Release Date: Nov 17, 2017
Record label: Atlantic
Genre(s): Pop/Rock, Alternative/Indie Rock, Alternative Pop/Rock
I'm not, of course, saying that you have to have experienced this in order to be a 'great artist', but it would appear to help. Indeed, it helps significantly to be French; there's something about the way that the society operates there with compulsory philosophy, a constant republic-revolution circle, and a café-conversation culture that's drip-fed into public life like nowhere else. Think of French music though and it's surprising that a culture so rich has such a paucity of internationally renowned musical artistes.
In Melancholia, Lars von Trier's apocalyptic 2011 film, Charlotte Gainsbourg portrays a woman struggling to pull her sister from the throes of mental illness. Her performance is raw, devastating, and revealing of the singer/actress' artistic fascination with darkness. There's also a grim sort of prescience to the role--Gainsbourg's own half-sister, the photographer Kate Barry, died in late 2013, after falling from a window.
C harlotte Gainsbourg's new album is the first she's written the lyrics for, and, perhaps as a result, gives her voice its broadest palette yet as she tries on different roles: child, ingenue, diarist, diva. There's creepy nursery rhyme on Ring-a-Ring O'Roses, classic French chanson on Lying With You, trippy sprechgesang on Songbird in a Cage (guest-written by Paul McCartney in full acid mode: "flying through the sky, all our senses reeling"), and disco on Deadly Valentine and Sylvia Says. A few of the melodies that she and producer SebastiAn alight on resolve too neatly, running their course as predictably as a romcom.
Charlotte Gainsbourg sings in both French and English on Rest, her first album in seven years. While the actress and singer previously wrote only in English, intimidated by the superstardom of her late father, French musician Serge Gainsbourg, this linguistic duality brings out haunting layers of mystery on her fifth album. The record charmingly marries modern electronic pop and Kate Bush-like feminine art-pop vocals.
On her first LP in seven years, singer-actress Charlotte Gainsbourg (daughter of Sixties French pop star Serge Gainsbourg) exudes the same droll, distracted sense of uneasy whimsy she's brought to her screen performances and previous music projects. Fans of spacey Nineties lounge-pop like Air or Broadcast will drift along happily to pillowy confections such as "Ring-a-Ring O'Roses" and "Rest," a collaboration with Daft Punk's Guy-Manuel. She also teams up with Sir Paul McCartney for the inspired No Wave pop of "Songbird in a Cage," which suggests the Waitresses produced by Brian Eno.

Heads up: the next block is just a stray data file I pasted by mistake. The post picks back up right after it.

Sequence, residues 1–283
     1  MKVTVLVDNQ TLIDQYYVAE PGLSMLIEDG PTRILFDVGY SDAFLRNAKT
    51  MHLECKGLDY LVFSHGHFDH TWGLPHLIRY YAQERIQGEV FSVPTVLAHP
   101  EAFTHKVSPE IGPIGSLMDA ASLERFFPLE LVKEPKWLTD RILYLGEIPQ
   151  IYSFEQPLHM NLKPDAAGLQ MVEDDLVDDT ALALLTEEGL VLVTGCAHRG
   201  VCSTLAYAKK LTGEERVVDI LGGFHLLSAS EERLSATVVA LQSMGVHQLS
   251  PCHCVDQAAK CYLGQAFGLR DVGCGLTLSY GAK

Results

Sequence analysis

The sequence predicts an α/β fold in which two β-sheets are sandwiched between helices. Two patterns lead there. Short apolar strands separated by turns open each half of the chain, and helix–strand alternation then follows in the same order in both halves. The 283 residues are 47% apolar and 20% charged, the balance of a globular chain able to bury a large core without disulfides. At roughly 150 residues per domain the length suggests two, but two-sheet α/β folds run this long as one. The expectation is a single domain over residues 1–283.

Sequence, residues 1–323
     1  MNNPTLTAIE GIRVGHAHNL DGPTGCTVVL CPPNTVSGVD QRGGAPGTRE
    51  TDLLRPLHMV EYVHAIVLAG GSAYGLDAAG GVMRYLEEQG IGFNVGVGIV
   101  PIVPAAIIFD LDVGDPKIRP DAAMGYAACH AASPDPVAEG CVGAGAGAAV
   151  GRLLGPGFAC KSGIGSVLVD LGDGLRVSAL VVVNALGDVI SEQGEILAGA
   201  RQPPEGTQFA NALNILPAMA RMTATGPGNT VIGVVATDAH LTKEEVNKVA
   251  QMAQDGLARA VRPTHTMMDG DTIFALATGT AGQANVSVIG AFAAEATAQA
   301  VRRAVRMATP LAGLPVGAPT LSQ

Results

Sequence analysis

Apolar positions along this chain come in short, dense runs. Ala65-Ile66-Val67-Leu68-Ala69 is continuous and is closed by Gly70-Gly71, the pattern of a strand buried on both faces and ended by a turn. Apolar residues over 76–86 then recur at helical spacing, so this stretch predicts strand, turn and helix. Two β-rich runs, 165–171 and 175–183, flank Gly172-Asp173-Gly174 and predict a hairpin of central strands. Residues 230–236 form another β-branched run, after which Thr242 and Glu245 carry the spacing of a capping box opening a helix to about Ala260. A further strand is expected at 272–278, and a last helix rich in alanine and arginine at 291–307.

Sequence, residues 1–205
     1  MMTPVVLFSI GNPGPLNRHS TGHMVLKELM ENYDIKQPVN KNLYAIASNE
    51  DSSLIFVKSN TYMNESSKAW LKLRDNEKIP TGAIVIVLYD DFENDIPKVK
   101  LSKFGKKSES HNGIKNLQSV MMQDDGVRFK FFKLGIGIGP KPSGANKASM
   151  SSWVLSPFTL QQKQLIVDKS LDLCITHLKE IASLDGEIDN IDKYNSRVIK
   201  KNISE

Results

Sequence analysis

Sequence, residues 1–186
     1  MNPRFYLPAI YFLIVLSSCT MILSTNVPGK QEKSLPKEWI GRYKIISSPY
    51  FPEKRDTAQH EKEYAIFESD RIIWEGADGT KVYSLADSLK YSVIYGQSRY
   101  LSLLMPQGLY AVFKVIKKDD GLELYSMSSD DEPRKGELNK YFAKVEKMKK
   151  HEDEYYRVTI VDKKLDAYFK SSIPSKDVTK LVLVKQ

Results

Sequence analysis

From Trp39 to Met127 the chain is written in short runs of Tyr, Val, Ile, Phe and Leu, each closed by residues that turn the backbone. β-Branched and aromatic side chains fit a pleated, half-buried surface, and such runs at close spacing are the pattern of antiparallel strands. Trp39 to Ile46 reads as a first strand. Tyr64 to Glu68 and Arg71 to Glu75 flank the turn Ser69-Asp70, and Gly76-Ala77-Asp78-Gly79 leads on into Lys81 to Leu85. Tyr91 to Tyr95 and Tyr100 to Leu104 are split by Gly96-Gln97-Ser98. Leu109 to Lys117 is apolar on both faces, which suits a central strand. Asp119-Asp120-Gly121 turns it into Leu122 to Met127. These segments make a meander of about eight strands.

In a recent interview with The Economist, Charlotte Gainsbourg spoke of the lyrics in Rest, her latest release and first proper studio album for eight years, as 'intimate - not embarrassing but on the verge of being embarrassing'. Just the sort of self-effacing comment you'd expect from someone who, having recorded her first song at 12 years old, has only now, at 46, released an album of her own lyrics. Intimate? Yes.
Charlotte Gainsbourg has been famous in France since before she could walk, and yet she carries the weight of all those expectations as gracefully as a Birkin bag, which are named, incidentally, after her mother, Jane Birkin. Birkin is an English actress and French singer who appeared in dozens of movies, including the arthouse classic Blowup. Birkin was herself the daughter of another famous actress, Judy Campbell, the platonic partner and muse for celebrated playwright Noel Coward.
P revious albums have enlisted lyric-writing help from Jarvis Cocker, Air and Beck, but Gainsbourg's fourth is notable for being largely self-penned (with a little help from Paul McCartney on Songbird in a Cage). French DJ SebastiAn's slick production makes for a very polished sound that's easy on the ear, helped by Gainsbourg's whispered, breathy vocals which alternate between French and English. The opener, Ring-a-Ring o' Roses, sounds far more sophisticated than a song using a a nursery rhyme as its refrain has any right to, and Deadly Valentine also engages.
When it was announced that Rest would feature contributions from Connan Mockasin, Daft Punk's Guy-Manuel de Homem-Christo and Paul McCartney (not to mention production from the magic fingers of Ed Banger's SebastiAn) my first reaction was, somehow, disappointment. Since her father Serge wrote her 1986 debut (Lemon Incest) most of her music has been created and defined by men around her. 2009's IRM sounded a lot like Beck making an album using someone else's voice, while Gainsbourg's affected English accent drew a little too much attention to Jarvis Cocker's lyrics on 5:55.